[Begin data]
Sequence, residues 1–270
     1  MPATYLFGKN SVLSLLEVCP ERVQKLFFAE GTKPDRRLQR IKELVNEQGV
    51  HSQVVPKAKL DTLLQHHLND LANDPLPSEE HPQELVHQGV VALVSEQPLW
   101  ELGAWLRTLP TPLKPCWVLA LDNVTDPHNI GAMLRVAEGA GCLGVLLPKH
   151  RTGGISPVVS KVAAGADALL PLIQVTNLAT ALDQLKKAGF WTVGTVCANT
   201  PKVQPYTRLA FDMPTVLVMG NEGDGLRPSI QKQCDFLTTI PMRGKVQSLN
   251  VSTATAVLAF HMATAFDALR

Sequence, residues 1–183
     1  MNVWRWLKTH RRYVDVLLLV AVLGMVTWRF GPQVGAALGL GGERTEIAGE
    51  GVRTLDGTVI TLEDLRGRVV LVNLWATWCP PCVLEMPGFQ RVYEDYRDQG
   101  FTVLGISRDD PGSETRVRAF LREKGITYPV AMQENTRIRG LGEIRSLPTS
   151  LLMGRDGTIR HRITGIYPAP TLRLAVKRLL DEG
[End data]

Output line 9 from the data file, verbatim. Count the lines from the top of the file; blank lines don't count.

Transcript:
     1  MNVWRWLKTH RRYVDVLLLV AVLGMVTWRF GPQVGAALGL GGERTEIAGE